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The horseshoe theory in political science asserts that rather than the far left and the far right being at opposite and opposing ends of a linear political continuum, they in fact closely resemble one another, much like the ends of a horseshoe.
- [M]any people believe, as the "political horseshoe" theory states, that there is a lot more common ground between the far left, where Loewenstein dwells politically, and the far right views of someone like Betty Luks than people on the left would care to admit.
- Tzvi Fleischer, "The Political Horseshoe again" (31 October 2006), Australia/Israel Review, AIJAC
- [N]ormally it takes till middle age to realize that Left and Right are essentially at the extremes, the equivalent, totalitarian, they have different words for them. You know that nationalism, extreme nationalist, extreme socialism they don’t just meet in Berlin in 1933, they can meet at McGill in 1968, or whatever that was. So I became very acutely aware of the dangers, the hypocrisies, and sort of the extremism of the political extremes. And it cleansed me very early in my political evolution of any romanticism. I detested the extreme Left and extreme Right, and found myself somewhere in the middle.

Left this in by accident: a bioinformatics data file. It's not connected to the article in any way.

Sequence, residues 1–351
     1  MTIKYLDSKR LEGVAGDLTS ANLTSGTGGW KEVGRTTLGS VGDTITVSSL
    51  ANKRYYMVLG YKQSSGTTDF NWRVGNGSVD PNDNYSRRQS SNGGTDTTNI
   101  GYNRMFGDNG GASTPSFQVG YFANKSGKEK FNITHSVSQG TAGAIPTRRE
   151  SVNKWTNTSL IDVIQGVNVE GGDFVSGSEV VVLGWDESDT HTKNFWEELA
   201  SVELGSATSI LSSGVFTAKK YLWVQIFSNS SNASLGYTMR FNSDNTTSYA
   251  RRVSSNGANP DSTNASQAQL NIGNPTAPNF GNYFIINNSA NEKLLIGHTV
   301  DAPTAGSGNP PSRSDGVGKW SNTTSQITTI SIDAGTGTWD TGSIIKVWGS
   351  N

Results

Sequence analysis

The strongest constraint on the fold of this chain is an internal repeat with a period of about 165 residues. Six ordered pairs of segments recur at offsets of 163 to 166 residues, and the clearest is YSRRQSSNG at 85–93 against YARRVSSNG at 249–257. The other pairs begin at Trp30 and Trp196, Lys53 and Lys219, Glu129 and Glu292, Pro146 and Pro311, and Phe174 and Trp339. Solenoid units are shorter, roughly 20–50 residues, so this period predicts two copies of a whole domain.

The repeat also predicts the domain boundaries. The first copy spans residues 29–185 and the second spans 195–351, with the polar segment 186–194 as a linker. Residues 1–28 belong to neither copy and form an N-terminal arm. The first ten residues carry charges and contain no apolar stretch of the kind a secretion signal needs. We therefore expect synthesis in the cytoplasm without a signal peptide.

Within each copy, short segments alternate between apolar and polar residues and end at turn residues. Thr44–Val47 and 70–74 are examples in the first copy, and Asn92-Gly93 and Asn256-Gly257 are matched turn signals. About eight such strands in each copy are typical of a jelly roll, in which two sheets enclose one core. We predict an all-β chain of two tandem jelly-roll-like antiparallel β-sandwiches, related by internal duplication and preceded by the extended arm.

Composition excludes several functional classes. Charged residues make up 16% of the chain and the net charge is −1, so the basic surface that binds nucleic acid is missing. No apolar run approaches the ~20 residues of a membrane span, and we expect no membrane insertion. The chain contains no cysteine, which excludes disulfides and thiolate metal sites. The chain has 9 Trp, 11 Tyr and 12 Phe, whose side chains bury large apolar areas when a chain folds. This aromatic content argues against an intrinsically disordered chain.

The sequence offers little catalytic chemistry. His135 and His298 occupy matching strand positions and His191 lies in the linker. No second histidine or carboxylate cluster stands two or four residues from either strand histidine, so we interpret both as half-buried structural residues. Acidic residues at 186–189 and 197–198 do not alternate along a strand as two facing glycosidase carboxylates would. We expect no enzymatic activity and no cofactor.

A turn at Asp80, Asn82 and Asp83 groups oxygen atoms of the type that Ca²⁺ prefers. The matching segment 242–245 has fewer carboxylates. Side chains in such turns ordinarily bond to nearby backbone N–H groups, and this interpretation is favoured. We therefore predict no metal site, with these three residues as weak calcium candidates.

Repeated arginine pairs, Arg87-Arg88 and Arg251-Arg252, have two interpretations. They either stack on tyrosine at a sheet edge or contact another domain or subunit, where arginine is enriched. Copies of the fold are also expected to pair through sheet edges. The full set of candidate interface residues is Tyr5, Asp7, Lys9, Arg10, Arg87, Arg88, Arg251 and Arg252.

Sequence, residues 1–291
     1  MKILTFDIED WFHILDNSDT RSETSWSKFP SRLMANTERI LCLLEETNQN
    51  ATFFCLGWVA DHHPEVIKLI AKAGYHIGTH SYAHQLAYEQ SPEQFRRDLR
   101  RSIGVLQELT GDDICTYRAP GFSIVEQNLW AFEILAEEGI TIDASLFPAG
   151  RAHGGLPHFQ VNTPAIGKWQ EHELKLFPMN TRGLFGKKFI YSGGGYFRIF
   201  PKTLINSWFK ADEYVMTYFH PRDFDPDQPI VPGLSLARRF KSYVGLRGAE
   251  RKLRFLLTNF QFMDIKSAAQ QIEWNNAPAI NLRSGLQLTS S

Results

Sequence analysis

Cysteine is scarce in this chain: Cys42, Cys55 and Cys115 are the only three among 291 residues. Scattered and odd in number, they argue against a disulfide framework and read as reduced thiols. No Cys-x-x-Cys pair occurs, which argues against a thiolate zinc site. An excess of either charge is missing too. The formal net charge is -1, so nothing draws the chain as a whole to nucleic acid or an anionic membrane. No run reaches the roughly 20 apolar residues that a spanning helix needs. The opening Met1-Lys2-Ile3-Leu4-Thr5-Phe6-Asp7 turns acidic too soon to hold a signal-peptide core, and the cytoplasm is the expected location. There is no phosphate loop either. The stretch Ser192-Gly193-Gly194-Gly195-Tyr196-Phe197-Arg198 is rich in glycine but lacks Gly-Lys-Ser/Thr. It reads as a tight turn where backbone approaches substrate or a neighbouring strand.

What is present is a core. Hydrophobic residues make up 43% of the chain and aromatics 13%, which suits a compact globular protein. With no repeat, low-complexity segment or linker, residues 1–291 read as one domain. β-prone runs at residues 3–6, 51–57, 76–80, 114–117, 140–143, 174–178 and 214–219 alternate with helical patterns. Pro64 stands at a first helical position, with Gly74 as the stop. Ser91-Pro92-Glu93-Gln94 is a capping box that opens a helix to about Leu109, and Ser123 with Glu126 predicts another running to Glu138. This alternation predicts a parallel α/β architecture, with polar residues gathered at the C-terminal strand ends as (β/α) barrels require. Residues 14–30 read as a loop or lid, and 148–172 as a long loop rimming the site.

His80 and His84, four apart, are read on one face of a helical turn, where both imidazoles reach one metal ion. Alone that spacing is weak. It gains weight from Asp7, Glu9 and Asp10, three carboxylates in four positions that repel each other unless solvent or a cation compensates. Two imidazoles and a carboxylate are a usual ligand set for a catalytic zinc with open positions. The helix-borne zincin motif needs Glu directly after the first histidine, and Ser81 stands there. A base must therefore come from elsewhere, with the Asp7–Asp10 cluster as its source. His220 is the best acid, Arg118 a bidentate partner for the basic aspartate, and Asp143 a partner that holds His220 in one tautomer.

- [T]he nutcase Left and the nutcase Right are alike in virtually every particular. They should get a room somewhere -- far from here.
- There's a point at which left and right join.
- Encyclopedic article on Horseshoe theory at Wikipedia